For how long has this process been suspended and when do you think they will resume?
I don’t think there is anything wrong with the registration and very soon, we will ask for permission from the House. If we can start before they conclude the probe so that we can finish everything on time. There is no centralized database in Nigeria as I am talking to you now and if we finish it, it will be the first centralized database in Nigeria. If it is that easy, why has it not been done before? So, it is a job we are taking very seriously and who says we don’t have capacity? We have good capacity to supervise them.
There is this impression that NCC has not been able to stamp its authority on the providers and that is why you have network failure…
NCC is not a service provider but a regulator that make laws. When the service providers came newly, nobody cared about laws because Nigeria was hungry for telecommunications service but as the market started growing because Nigeria was the fastest growing in the world for five years, it comes with consequences. There was a huge demand and the operators didn’t plan well, so the infrastructure they had was smaller than the demand. There was a regulation for quality before I came, the quality that they must meet was low and they were meeting it and so by the law they have, they were correct, so you can’t do them anything.
Buy when we came, we had to raise the bar and make a new law and the process of doing this takes time. I can tell you that it is only this January that we were able to make a law and get it approved. So, before, we didn’t have an instrument to force them or to fine them; it was only through persuasion and threat before now which would have been difficult to carry out.
The service providers seem not ready to pay theN1.7billion fine you asked them to pay. Will they pay the fine?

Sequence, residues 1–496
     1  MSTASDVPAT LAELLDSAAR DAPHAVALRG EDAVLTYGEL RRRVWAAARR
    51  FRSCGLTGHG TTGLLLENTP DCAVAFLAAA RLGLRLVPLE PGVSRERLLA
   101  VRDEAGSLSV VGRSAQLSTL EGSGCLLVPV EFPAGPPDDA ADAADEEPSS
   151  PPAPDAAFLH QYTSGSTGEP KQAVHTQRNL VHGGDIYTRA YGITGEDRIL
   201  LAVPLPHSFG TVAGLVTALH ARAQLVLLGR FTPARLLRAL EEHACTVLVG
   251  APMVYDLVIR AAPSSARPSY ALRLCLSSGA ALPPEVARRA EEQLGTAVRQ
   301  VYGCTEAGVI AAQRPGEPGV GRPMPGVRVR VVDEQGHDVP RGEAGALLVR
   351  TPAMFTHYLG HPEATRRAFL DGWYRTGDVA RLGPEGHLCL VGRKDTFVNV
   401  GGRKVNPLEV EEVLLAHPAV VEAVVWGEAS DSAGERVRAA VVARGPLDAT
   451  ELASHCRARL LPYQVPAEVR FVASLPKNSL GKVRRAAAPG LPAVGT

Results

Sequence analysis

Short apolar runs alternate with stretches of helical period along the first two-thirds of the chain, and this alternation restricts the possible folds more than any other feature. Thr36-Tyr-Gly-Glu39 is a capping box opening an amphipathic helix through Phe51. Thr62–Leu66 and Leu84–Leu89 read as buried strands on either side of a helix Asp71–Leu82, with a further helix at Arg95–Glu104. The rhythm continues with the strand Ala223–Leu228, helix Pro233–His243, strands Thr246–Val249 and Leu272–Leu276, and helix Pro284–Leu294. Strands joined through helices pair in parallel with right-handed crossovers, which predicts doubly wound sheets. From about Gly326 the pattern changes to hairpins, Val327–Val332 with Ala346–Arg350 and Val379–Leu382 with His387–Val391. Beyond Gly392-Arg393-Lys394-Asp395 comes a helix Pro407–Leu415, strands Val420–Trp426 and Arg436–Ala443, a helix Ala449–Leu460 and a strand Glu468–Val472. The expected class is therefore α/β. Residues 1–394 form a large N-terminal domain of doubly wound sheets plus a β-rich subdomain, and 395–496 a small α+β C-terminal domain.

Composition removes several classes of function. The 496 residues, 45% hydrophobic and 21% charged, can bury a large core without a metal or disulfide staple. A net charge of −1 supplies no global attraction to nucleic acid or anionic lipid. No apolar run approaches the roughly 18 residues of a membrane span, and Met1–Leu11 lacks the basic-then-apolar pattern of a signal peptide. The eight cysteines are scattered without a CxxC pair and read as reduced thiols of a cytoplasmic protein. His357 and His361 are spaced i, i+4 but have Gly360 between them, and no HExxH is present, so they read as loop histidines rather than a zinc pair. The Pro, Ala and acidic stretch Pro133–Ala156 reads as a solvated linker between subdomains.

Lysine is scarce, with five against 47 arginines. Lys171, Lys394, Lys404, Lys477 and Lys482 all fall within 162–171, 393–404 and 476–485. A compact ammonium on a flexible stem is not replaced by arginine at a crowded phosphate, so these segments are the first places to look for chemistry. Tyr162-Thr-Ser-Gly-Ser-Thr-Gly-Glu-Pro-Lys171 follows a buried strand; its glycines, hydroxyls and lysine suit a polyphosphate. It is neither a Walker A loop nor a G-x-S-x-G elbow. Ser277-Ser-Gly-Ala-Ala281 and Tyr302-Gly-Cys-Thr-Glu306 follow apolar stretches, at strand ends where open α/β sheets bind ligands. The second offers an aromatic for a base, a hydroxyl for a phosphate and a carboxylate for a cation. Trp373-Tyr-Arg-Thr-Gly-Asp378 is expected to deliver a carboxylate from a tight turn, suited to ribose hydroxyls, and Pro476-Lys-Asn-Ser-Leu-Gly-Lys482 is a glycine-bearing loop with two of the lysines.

They will pay. A regulator does not issue an order and forget about it. We would always take an action if they don’t follow our directives. But I can tell you that they will pay, maybe by next week.
I am aware that you met on Wednesday and they made presentations on network improvement. Are you satisfied with the network improvement plan?
The mistake a lot people made is that NCC is there to close down the operators and bring someone else, which is really not our function. Our function is to make laws for them and see that they obey them and also see that consumers also get value for their money. So, we are between the operator and the consumers to see that each of them is satisfied. Now, we sanctioned them and dialogued on the reasons for the sanction and about their concerns and I think that we have concluded our dialogue now. So, we are looking forward to their paying by next week.
There lotteries and promotions going on, how would you differential the two?
You know that there is a lottery commission. Like NCC, they are the ones to decide what is lottery or not and what they decide is final. The only place where NCC comes in is where it is deteriorating the quality of service of a particular network. Once we see that the promotion is generating quality of service issues, we would advise the service provider to stop and if it doesn’t stop, then we have this regulation of quality of service.